In this paper, we choose to study the organization of interactions on Twitter by analysing different sets of politicsrelated retweets. Indeed, since Twitter is an integral part of means of communication used by political leaders to disseminate information to the public, finding abnormal entities corresponding to different kinds of unexpected behaviors in this situation is of great interest. To do so, we use two different datasets.
Dataset is a set of retweets related to political communication during the 2017 French presidential elections. We use a subset of the dataset collected by Gaumont et al. [12] as part of the Politoscope project. It contains politicsrelated retweets during the month of August 2016. Formally, our dataset consists in the set of retweets , such that means that retweeted at hour of day , where either the corresponding tweet contains politicsrelated keywords, or belongs to a set of French political actors listed by the Politoscope project. It contains retweets and involves different users. In this dataset, the set of days is .
Dataset is the same as dataset except that it contains an additional dimension. It consists in the set of retweets , such that means that retweeted a tweet written by and containing the hashtag at hour of day . It contains different hashtags.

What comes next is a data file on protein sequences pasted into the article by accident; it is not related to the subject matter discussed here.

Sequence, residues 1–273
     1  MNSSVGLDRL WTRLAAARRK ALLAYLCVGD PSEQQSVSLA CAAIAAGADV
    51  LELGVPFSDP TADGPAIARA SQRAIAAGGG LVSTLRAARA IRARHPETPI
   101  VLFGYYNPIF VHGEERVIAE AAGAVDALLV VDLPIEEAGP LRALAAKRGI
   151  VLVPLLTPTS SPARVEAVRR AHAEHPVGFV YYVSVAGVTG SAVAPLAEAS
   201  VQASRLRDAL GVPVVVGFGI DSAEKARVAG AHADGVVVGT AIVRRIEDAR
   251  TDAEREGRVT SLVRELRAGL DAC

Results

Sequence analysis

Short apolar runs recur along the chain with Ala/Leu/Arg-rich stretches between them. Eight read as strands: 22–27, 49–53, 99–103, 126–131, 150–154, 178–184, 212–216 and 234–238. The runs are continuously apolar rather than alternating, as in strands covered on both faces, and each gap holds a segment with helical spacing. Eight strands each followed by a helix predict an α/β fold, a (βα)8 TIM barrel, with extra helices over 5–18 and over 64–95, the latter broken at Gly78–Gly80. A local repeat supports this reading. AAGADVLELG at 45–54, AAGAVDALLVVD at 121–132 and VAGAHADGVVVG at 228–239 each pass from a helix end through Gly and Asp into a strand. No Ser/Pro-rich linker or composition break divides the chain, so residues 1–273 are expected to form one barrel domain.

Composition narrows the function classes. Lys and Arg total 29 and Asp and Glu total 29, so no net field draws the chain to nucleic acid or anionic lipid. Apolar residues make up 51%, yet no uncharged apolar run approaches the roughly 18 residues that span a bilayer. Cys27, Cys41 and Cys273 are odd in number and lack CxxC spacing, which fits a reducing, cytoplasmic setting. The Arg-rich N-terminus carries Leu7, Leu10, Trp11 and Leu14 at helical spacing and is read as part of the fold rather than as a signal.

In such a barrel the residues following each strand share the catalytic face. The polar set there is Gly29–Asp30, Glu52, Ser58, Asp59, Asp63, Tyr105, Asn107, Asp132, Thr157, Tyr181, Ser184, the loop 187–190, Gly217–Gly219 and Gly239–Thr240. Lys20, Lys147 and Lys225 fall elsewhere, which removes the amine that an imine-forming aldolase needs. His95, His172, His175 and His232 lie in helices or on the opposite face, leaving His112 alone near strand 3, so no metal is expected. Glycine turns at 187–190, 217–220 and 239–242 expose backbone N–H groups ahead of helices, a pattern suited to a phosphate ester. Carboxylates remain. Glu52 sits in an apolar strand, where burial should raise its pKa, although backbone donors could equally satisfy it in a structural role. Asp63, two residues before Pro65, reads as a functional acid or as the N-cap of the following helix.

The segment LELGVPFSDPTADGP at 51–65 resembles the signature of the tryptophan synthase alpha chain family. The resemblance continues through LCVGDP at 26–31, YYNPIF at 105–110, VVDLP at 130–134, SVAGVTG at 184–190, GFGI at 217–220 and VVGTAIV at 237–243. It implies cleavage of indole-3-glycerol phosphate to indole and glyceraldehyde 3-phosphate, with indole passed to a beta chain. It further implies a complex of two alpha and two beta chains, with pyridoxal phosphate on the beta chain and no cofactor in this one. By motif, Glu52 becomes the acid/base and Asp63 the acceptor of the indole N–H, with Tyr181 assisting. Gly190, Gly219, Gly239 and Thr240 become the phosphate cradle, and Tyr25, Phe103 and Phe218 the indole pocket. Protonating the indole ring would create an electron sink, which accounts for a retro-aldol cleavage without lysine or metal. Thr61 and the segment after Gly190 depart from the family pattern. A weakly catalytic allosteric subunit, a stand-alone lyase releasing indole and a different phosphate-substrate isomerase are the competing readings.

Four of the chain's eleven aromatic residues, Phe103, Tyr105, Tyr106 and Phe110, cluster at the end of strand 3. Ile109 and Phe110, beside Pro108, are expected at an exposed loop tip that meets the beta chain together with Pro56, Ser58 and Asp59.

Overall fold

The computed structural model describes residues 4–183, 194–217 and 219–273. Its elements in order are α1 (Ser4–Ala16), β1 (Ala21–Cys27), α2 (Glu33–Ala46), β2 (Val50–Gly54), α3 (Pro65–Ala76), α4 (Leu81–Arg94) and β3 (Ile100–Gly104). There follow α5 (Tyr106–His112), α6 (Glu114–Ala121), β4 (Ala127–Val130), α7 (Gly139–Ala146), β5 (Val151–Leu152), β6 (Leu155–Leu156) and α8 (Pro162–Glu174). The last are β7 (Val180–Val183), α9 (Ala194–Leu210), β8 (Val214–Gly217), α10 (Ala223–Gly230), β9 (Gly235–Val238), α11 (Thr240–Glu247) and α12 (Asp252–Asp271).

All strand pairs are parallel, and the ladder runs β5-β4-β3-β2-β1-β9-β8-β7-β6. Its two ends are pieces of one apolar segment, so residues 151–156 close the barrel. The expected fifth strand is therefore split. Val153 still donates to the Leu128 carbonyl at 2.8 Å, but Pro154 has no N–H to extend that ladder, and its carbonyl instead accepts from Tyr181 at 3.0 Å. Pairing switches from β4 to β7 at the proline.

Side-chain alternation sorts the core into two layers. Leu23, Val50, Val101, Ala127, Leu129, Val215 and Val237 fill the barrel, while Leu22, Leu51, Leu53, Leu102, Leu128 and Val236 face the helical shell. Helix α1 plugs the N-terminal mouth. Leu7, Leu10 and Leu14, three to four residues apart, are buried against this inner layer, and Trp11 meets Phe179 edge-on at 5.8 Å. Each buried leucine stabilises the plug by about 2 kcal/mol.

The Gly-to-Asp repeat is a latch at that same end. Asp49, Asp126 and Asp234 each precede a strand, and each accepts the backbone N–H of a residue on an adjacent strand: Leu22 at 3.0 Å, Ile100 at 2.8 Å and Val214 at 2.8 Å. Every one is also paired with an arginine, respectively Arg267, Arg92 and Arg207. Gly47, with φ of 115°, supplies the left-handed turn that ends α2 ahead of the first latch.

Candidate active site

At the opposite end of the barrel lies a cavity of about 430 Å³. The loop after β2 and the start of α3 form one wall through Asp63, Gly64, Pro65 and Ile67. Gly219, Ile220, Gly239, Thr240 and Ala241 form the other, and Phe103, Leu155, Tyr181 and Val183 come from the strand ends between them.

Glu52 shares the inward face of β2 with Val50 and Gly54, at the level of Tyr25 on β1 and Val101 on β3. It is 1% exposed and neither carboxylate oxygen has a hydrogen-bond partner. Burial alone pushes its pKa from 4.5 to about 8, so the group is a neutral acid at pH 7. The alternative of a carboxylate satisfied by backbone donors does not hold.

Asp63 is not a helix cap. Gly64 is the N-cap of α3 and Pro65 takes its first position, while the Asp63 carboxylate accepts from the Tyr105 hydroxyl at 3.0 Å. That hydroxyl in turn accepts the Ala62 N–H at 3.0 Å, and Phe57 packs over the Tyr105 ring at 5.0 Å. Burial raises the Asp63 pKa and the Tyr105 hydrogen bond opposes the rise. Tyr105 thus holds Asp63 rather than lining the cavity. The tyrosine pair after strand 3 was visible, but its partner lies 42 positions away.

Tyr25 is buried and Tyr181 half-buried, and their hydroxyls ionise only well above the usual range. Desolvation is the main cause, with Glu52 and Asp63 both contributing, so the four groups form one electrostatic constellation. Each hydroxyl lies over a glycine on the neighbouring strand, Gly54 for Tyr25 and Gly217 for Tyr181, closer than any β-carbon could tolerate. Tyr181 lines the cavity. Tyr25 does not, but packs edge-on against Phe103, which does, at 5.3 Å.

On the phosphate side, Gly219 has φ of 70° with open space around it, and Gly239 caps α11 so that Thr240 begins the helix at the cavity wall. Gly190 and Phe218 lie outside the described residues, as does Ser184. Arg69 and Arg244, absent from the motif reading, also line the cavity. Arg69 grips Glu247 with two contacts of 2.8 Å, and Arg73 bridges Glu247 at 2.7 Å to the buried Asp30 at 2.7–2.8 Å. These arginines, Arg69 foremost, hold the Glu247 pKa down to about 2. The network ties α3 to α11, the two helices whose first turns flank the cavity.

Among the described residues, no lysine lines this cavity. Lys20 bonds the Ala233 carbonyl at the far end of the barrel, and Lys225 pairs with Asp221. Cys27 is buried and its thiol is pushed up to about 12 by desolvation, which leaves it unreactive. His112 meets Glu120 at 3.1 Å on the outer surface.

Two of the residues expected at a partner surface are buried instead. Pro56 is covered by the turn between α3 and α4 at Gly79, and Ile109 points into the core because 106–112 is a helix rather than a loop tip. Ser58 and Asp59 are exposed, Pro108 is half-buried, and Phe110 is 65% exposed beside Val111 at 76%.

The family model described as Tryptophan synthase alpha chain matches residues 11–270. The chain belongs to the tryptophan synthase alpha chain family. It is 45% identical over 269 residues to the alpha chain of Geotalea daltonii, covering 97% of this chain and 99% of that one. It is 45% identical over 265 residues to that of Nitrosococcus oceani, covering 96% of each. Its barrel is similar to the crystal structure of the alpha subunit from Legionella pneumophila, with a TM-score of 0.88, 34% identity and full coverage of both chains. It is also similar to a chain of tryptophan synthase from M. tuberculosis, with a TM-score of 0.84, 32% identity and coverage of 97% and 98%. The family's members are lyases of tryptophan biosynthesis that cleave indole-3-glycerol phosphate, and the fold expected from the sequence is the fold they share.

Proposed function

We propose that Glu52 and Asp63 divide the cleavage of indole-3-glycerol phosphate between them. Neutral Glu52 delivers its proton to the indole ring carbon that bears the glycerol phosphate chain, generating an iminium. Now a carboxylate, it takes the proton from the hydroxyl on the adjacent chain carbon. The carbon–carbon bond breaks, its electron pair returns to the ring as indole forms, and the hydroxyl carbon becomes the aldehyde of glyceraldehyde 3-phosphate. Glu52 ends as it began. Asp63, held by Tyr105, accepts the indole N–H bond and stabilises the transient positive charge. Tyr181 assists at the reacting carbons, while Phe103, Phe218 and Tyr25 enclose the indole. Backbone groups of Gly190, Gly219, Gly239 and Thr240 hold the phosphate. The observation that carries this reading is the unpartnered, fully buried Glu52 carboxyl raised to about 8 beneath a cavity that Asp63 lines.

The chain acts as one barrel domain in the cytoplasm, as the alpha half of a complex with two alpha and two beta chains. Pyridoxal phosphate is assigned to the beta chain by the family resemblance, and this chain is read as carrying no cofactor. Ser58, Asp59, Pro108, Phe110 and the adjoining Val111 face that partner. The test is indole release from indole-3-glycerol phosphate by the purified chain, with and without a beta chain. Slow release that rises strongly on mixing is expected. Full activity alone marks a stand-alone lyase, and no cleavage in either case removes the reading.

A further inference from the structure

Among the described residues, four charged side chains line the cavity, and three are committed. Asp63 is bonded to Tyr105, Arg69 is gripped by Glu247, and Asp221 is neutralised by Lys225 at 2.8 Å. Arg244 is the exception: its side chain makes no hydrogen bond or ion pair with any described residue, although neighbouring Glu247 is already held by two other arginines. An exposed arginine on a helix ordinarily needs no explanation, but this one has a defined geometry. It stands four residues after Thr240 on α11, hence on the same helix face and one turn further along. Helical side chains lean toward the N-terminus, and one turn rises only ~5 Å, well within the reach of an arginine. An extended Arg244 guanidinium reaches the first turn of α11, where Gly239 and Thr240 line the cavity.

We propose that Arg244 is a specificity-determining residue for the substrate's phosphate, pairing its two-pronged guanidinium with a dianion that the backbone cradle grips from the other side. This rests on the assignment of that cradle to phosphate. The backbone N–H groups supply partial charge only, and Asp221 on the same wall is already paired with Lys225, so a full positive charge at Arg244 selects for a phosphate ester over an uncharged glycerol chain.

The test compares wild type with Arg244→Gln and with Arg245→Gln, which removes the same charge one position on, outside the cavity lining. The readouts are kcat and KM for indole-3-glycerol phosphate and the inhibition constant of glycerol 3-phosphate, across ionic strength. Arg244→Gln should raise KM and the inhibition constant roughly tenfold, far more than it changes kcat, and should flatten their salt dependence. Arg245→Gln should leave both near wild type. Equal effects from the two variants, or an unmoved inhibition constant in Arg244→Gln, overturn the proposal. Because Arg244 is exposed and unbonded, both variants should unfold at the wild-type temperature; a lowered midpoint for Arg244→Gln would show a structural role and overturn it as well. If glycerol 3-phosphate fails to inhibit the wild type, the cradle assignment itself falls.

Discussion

In the following, usernames are only mentioned when they correspond to official Twitter accounts of politicians, or public organizations, such as city halls, newspapers, or shows. Otherwise, they are designated by generic terms usern, where is an integer to differentiate anonymous users.
Vi Experiments
As a first illustration of our method, we present a case study which, based on events found in the temporal dimension, proposes possible causes of their emergence by exploring other dimensions. First, we apply our method on dataset and focus on the three dimensions: spreaders, authors and time. Then, we add the hashtag dimension with dataset in order to gain more insight on events.
Via Events
We define an event to be a set of consecutive abnormal hours. For convenience, we denote it when all hours span over the same day .
Figure 4 shows the evolution of the number of retweets per hour^{2}^{2}2Note that due to a server failure from Tuesday the to Thursday the , no activity is observed during this period.. We can distinguish three distinct behaviors:
– nocturnal hours, characterized by a number of retweets fluctuating around ,
– daytime from the of August to the , characterized by a higher number of retweets fluctuating around ,
– daytime from the of August to the , characterized by a global increase in the number of retweets which fluctuates around .
ViA1 Basic Context